The vast majority of credit counseling agencies in the U.S. operate as a nonprofit company. That does not necessarily mean they are charitable organizations. They still operate like any business does, with an eye on income and expenses. But they do have to meet some strict IRS standards to qualify as a nonprofit consumer credit counseling agency. They also must offer certain things for free as a result of their tax designation. Free budgeting education, and free no obligation consultations with a certified credit counselor, are two examples of what these agencies provide to the public.
More than being regulated by their nonprofit status, credit counseling companies are heavily supervised by each state they offer debt management programs in. Any legitimate debt and credit counseling program being offered to you in your state should be managed by a state licensed credit counseling service provider. Several states will only license a company that is nonprofit, such as; Arkansas, California, Connecticut, Hawaii, Louisiana, Kentucky, Massachusetts, New Jersey, New Mexico, New York, North Dakota, Oklahoma, Wyoming.
Credit counseling and debt management help in California can be offered to you through a for profit company as long as that company has a physical location in your state.
The rest of the states have strict rules for how a credit counselor must work with you, just like the ones listed above. Companies offering debt management plans and credit counseling services do have to be licensed in the other states, but they do not have to be a nonprofit.
One of the benefits you get from strict state regulation of consumer credit counseling services is that fees for debt management programs are set by law. These fees cannot be exceeded. Also, many states have their own auditors that do travel to perform “on site” audits of different nonprofit credit counseling agencies.
Why does any of the above matter to you when you are looking for the best company to work with? That will become more obvious below.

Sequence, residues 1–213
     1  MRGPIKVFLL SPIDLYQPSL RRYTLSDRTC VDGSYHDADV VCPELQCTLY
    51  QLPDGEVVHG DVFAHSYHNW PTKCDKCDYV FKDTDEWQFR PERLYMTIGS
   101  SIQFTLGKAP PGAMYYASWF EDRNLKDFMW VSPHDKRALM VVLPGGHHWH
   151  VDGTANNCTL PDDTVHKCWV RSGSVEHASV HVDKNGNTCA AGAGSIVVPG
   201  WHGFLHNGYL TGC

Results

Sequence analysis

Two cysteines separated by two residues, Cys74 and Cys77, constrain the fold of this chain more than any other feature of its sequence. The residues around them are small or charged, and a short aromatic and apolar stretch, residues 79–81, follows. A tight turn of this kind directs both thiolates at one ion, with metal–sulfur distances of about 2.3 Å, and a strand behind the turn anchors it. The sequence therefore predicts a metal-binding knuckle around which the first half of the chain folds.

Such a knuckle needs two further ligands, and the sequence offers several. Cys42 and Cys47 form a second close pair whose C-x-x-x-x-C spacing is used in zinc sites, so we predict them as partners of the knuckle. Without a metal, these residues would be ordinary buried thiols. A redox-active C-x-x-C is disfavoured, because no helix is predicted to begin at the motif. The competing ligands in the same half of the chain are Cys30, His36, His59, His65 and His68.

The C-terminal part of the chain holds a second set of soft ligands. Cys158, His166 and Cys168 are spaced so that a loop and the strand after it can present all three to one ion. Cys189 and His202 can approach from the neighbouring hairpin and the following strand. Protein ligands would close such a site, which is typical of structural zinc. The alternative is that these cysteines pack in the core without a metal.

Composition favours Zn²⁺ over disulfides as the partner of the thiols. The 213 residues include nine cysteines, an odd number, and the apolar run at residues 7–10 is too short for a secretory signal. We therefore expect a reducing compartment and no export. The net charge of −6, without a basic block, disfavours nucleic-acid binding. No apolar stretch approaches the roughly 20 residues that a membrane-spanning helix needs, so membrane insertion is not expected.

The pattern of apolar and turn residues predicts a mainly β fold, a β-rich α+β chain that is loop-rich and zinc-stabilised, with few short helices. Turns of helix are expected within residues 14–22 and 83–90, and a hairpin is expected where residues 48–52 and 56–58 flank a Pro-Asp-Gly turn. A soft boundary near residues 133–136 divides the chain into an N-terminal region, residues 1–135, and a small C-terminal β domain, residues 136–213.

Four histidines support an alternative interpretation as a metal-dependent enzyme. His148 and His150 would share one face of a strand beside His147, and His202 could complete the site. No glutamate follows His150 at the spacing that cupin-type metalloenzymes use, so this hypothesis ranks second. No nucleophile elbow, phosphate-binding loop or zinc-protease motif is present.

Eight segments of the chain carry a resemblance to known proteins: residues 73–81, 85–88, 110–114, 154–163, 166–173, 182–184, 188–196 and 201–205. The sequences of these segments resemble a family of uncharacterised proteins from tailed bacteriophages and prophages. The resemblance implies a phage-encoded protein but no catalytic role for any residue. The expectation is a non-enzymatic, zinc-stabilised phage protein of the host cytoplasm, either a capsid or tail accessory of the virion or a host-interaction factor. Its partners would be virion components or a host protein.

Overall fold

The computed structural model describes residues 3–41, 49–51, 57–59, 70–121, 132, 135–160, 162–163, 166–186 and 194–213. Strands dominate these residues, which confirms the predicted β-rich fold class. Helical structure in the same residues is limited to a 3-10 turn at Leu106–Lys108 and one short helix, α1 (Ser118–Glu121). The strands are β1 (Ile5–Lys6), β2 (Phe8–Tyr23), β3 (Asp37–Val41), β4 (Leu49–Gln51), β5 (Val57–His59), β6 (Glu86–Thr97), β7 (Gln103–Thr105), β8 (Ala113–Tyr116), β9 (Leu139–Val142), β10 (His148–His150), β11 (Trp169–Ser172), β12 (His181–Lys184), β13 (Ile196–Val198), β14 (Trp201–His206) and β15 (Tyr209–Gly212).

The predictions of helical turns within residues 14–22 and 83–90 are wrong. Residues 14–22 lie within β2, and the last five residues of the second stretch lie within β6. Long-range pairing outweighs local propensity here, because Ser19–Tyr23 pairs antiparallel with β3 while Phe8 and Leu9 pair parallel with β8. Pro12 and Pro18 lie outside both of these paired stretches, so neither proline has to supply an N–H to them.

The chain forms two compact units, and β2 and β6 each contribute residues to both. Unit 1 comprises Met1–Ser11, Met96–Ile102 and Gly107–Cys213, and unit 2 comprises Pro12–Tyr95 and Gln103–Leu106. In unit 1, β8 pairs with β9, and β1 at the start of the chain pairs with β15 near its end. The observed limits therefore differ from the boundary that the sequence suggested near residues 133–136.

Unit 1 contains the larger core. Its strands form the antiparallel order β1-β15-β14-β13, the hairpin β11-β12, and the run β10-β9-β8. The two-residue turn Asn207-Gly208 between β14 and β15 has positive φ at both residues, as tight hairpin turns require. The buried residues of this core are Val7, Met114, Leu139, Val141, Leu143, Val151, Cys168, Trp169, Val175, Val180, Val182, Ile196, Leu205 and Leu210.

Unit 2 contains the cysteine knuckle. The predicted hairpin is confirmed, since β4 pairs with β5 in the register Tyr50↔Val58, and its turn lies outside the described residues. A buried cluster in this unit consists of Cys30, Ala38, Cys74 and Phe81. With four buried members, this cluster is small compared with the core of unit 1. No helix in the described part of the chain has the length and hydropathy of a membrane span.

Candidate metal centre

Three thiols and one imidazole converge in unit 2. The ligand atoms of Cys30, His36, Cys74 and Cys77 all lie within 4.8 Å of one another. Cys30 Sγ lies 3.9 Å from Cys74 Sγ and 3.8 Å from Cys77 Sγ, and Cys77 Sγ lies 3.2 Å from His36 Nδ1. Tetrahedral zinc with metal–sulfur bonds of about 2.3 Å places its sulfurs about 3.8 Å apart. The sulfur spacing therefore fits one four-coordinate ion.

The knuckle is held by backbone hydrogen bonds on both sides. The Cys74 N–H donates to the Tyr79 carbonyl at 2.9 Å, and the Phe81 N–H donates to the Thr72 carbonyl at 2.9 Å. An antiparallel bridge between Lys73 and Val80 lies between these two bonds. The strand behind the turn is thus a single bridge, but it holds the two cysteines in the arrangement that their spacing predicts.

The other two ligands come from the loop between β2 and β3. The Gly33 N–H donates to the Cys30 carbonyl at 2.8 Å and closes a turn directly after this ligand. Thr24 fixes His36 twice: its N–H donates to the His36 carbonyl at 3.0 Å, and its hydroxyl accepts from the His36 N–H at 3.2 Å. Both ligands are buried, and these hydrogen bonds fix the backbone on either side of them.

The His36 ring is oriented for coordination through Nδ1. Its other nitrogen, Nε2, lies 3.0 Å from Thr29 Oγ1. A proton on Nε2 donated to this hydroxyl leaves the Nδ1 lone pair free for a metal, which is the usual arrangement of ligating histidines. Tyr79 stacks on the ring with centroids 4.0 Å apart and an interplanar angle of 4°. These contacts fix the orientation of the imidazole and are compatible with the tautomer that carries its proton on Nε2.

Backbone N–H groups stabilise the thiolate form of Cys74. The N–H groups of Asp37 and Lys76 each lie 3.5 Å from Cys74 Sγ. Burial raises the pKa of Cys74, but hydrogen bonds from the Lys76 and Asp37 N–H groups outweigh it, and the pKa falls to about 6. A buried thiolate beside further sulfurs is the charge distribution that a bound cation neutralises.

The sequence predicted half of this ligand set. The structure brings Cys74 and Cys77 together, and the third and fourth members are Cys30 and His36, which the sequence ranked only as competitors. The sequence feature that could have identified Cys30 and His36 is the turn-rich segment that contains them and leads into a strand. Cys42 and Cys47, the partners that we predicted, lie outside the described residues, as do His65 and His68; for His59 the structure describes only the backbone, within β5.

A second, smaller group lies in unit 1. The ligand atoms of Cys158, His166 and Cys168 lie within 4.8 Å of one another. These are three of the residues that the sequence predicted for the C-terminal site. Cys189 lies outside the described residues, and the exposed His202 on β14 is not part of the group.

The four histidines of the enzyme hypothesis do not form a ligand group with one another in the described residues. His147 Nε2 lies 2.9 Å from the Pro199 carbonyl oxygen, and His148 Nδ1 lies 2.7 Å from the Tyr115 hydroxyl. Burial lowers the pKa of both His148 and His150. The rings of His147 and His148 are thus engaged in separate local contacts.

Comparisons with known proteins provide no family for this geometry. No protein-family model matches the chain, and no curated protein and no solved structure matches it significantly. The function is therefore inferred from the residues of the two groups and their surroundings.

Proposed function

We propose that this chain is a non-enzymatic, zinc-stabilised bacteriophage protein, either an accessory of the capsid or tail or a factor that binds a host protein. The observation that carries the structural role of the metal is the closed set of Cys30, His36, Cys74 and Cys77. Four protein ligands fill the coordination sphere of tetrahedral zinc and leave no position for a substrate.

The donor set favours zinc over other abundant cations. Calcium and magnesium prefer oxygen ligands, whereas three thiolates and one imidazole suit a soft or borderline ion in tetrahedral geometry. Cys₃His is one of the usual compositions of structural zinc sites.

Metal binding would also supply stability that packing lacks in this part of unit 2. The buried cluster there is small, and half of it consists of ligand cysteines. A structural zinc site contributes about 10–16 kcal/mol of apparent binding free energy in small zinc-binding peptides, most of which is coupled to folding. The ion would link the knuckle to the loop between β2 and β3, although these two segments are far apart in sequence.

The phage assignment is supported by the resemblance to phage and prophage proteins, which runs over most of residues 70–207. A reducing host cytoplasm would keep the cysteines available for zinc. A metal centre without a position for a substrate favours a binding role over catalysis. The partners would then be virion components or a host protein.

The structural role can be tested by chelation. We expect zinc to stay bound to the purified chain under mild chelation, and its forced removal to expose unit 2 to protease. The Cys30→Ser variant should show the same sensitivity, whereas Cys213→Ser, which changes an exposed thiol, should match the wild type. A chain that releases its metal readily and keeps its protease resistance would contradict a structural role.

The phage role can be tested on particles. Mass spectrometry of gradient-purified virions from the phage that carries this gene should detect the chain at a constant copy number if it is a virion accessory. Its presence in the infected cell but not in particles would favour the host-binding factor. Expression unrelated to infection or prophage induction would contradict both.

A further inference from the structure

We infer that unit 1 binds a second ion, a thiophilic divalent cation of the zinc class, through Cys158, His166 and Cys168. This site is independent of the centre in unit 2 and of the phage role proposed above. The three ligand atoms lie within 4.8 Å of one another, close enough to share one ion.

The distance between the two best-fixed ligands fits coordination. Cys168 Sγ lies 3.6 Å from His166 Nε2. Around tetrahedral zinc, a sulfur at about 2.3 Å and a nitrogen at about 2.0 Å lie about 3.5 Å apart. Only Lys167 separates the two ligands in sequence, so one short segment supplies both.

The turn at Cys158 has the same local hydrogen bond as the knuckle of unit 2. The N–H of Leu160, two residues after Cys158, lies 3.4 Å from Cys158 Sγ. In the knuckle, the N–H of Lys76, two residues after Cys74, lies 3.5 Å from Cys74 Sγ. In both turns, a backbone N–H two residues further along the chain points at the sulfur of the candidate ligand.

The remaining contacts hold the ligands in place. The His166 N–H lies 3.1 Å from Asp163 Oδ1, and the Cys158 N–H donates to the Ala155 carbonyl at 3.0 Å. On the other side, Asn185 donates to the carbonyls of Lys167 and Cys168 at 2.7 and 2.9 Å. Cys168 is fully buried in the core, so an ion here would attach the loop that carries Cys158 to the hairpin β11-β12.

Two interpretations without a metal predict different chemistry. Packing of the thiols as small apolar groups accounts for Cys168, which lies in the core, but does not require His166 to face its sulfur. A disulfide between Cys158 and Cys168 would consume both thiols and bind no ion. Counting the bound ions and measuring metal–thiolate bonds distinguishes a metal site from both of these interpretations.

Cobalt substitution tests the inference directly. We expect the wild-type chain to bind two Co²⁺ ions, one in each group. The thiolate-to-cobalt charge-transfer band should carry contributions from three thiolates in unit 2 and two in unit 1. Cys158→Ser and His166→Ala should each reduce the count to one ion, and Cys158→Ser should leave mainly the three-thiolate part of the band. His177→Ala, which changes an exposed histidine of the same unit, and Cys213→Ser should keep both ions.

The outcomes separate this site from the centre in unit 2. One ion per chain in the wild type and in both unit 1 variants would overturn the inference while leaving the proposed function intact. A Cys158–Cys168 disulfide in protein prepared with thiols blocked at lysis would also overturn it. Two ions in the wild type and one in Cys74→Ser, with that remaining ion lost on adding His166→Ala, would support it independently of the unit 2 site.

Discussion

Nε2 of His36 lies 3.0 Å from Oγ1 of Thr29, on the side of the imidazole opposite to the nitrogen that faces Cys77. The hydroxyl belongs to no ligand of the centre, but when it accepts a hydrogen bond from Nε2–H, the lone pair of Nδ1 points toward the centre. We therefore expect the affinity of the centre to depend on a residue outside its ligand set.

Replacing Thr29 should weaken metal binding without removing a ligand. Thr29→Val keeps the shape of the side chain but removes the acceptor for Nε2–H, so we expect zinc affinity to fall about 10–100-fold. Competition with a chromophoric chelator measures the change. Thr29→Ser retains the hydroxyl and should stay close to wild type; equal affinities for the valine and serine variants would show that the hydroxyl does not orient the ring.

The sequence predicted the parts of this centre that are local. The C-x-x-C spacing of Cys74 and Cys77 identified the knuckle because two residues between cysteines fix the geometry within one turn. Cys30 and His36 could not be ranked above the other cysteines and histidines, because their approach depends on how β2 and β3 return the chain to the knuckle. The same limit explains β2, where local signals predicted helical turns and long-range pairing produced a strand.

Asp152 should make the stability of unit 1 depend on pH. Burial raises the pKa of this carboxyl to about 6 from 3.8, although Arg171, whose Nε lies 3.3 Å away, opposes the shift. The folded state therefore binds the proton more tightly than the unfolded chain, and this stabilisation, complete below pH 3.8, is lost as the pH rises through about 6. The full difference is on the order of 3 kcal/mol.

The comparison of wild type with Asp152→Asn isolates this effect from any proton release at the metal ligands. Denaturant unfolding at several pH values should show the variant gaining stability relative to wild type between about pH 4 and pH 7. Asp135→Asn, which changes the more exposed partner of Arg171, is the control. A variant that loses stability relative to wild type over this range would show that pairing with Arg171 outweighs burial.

Credit counseling companies offering debt management plans answer to your creditors too.
In part one and two of this series I hit on how debt management plans through consumer credit counseling companies are set up to work in cooperation with your creditors, like credit card banks, doctors and hospital billing offices etc. I won’t hit on this aspect much in this piece. But it is worth pointing out that your creditors agreements with a credit counseling agency, when weighed alongside the fact that your state actively regulates and audits these nonprofit services, puts you in a position to be better protected as a consumer than in nearly any other financial service you can compare credit counseling with.
With the amount of outside influences exerted over nonprofit consumer credit counseling services – there are just not many things to get creative with.
State and federal compliance is not something these nonprofit agencies take lightly. Rules and laws are important. But debt management companies take creditor and bank relationships just as seriously – perhaps even more so. Most nonprofit credit counseling companies receive at least some of their funding from banks. So while a credit counseling service could be shut down or fined for not following rules and laws in your state, they also need the funding resources from banks in order to fulfill their nonprofit mission, or to even keep the doors open.
With that backdrop established….
How can you review a debt management company?
You really do not have much to work with to compare one debt management company to the next for legitimate help consolidating your monthly credit card and other bills into one lower payment. None of them facilitate your debt payments differently than the other. But different debt management companies do offer other helpful programs, so there are other reasons to work with an agency besides a getting the lower interest rates in a DMP.
When it comes to debt management plans and other debt related topics, here is a check list of a sort for your reference:
- Is the consumer credit counseling agency licensed in your state?
- Are they a federally approved nonprofit agency?
- Are they a Department of Justice approved nonprofit agency that can offer pre and post bankruptcy counseling certificates (only applies if you are filing bankruptcy and would not matter if you are enrolling in a debt management plan)?
- What is the agencies record with the BBB?
- Are they a HUD approved nonprofit housing counseling agency (applies to housing only, not a DMP – more on nonprofit housing counseling in a different article)?
- Can the credit counseling company help with all, or nearly all, of your unsecured debts?